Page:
What's the ultimate source of the helplessness, anger, depression, and self-hatred that appear in our minds on the golf course? One important source is our failure to live up to overly perfectionistic ideals. You can see an early prototype of this issue by watching a very young child struggle to master something, a physical challenge (catching and throwing a ball, perhaps), a developmental milestone (say, walking), or a social rule (like sharing). The child's intensity is palpable and the need to try it—and fail—on his or her own is powerful. And failure is inevitable. We've all seen children who cannot tolerate failing, who either retreat or throw tantrums. They encounter a physical and social world that they can't immediately control, that doesn't automatically bend to their wills and intentions, and they either tolerate that frustration long enough to learn and adapt or they fall apart in some way. Learning depends on the ability to tolerate failure.
Such an ability is importantly shaped by the response of the environment to the child's encounter with failure. If parents are too nervous and worried about the child's frustration, they may take over and convey a sense that they lack confidence in the child. If parents react with exaggerated displays of frustration, impatience, and anger, the child comes to feel that failure is unacceptable and so doesn't bother to even try. If the environment is generally supportive and encouraging, however, the child learns to tolerate failure and imperfection enough to learn and master the unfamiliar.
Some of us grow up so intolerant of failure, we won't try to learn anything new. Others will appear to take on challenges but do so in such a self-effacing, ambivalent, and timid way that they can excuse their failures by a lack of effort. Some are so ashamed of failure that they believe that they have to be perfect all the time to avoid even the scent of it. They maintain impossibly high expectations and view falling short as humiliating. And still others blame everybody and everything else for their failures in an attempt not to blame themselves. In the end, all these attempts to avoid facing our imperfection fail, and we end up blaming and hating ourselves.
We see all of these variations on the golf course: The guy who blames his game on a lack of warm-up, on the weather, an inability to practice, his bad back, or the condition of the course. The guy who becomes a goof-off, exaggerating his lack of concern almost clownishly. The guy who is sure that others in his foursome are watching and critically judging him when he makes a mistake. The guy who hunkers down, surrounded by despair and rage much like Pig-Pen of Peanuts was surrounded by a cloud of dirt. And of course the guy who swears at himself, throws a club, or slams it 10 inches into the ground after a bad shot. We've all seen these guys or have been these guys. They/we struggle with our omnipotent wish to be perfect, to have perfect bodies, perfect swings, perfect mental attitudes, and perfect scores. They/we want to realize our intentions effortlessly, bending reality to our wills. The problem is, reality usually doesn't cooperate. Our reactions to the inevitable discrepancy between our real and ideal selves determine how much we can both enjoy and develop our golf game.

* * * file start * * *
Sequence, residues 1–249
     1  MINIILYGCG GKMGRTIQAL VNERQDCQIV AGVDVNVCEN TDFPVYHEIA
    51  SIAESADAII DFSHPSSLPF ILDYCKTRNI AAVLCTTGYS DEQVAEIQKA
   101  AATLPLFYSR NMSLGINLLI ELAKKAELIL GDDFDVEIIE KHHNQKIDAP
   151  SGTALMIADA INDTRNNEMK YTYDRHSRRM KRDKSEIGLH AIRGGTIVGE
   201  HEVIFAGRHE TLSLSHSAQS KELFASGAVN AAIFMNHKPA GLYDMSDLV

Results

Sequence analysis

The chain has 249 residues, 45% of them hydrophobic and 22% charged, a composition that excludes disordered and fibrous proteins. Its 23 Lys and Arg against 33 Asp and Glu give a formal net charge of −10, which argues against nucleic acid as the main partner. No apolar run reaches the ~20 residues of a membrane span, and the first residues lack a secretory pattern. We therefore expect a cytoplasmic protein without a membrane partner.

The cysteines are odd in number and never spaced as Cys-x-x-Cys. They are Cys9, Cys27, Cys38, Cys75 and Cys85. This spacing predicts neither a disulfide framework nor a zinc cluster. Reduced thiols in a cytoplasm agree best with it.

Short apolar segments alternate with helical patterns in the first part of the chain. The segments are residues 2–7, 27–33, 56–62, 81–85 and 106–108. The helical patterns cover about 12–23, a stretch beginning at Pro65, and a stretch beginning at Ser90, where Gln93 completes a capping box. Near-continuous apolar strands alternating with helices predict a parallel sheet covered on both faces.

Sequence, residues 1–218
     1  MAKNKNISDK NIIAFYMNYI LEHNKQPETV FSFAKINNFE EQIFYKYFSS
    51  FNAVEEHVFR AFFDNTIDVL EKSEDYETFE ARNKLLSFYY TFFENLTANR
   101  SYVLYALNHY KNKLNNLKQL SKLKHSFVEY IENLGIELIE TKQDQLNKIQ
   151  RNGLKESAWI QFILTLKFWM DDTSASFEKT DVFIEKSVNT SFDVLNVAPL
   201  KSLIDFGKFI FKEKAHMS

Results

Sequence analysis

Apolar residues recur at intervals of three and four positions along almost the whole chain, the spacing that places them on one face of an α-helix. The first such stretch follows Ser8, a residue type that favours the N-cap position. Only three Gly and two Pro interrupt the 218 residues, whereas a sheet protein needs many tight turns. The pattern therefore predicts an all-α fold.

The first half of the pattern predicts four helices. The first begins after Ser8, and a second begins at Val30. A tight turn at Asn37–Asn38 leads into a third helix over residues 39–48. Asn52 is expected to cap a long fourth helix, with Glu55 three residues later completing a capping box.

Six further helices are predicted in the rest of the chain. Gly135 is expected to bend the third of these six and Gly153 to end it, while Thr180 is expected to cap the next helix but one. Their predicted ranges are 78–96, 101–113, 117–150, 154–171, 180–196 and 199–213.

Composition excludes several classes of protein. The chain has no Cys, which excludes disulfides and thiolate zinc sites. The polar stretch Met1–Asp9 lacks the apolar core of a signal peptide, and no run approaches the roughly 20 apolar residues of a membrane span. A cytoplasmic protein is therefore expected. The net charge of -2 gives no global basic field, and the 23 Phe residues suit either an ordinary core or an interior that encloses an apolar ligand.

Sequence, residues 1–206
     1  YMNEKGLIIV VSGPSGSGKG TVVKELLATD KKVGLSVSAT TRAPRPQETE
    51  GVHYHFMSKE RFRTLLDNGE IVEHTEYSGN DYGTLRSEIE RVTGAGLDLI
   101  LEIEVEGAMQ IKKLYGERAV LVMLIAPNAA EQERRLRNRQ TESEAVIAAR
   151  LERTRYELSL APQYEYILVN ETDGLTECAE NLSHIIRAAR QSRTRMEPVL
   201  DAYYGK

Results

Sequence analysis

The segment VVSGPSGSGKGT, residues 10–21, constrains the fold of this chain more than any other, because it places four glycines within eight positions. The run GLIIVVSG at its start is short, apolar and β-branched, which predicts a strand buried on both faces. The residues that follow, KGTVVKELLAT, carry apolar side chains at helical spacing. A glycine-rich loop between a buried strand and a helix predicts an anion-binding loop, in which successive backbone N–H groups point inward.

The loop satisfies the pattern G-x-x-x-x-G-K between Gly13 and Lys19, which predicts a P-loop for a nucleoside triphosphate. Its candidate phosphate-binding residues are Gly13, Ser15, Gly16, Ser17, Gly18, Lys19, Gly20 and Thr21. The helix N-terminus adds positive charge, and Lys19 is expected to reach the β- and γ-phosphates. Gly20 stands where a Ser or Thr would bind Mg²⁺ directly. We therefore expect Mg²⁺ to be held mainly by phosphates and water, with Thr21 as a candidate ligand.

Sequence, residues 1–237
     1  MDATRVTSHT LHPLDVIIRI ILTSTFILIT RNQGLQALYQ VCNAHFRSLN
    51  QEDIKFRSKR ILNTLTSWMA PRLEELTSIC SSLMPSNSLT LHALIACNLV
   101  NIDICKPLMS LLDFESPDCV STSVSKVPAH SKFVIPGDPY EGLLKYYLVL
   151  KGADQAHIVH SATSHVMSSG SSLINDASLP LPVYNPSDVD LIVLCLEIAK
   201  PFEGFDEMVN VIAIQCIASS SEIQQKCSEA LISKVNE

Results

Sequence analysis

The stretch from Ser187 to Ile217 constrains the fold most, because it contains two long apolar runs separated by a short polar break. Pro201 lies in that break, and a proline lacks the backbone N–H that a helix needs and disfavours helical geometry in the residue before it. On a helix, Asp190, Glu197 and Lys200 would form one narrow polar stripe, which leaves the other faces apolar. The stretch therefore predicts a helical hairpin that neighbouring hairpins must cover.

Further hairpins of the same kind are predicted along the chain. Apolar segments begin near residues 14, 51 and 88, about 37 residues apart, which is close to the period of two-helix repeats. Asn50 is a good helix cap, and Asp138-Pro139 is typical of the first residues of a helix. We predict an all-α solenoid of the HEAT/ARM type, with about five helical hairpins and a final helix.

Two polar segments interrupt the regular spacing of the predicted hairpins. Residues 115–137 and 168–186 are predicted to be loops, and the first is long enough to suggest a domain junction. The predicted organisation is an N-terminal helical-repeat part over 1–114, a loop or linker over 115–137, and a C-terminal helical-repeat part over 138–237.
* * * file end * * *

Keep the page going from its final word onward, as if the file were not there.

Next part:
The problem is that we're not sick, broken, wrong, or bad. And neither are our swings. What we are is needlessly ashamed of having a conflict. We can't change and develop our game if we hate ourselves when we fail, if we can't tolerate not knowing or falling short of our own expectations of perfections. Even though we all use them, the terms "good" and "bad" are irrelevant descriptors of a golf swing. A golf swing can be more or less effective, more or less efficient, more or less adapted to achieving our intentions. As golf guru Fred Shoemaker has argued, ultimately it's just a motion of the body, a club, a ball, an intention, and a target. None of these have moral connotations, none of them are intrinsically worthy or unworthy, none are good or bad. In a recent golf school I attended, Shoemaker asked a group of us to try to distinguish these simple neutral realities from the highly passionate meanings that we assign to our swings and their outcome. Once we were able to discern the strength of the self-critical and gloomy narratives so easily evoked by a "bad" shot, their strength weakened. We loosened the link between our shots or scores and our selves. It was only in this environment that we could look into what was getting in the way of our ability to make an efficient, powerful, and effective swing.
Because there is, indeed, a lot to learn about making a more effective swing. It involves balance, an awareness of the body's center of gravity, a feeling of connection to the club and an even deeper connection to a target, an accurate picture of the position of the club's shaft and head, a freedom from tension, and the unleashing of imagination. Each of these dimensions of an effective powerful swing can be explored and strengthened, but only if we stop judging ourselves. By explore, I mean developing an increasingly keen sense and awareness of these different dimensions of the swing. Shoemaker argues that the primary difference between a professional and an amateur golfer lies in the extraordinary awareness of the professional, an awareness of body, club, and target.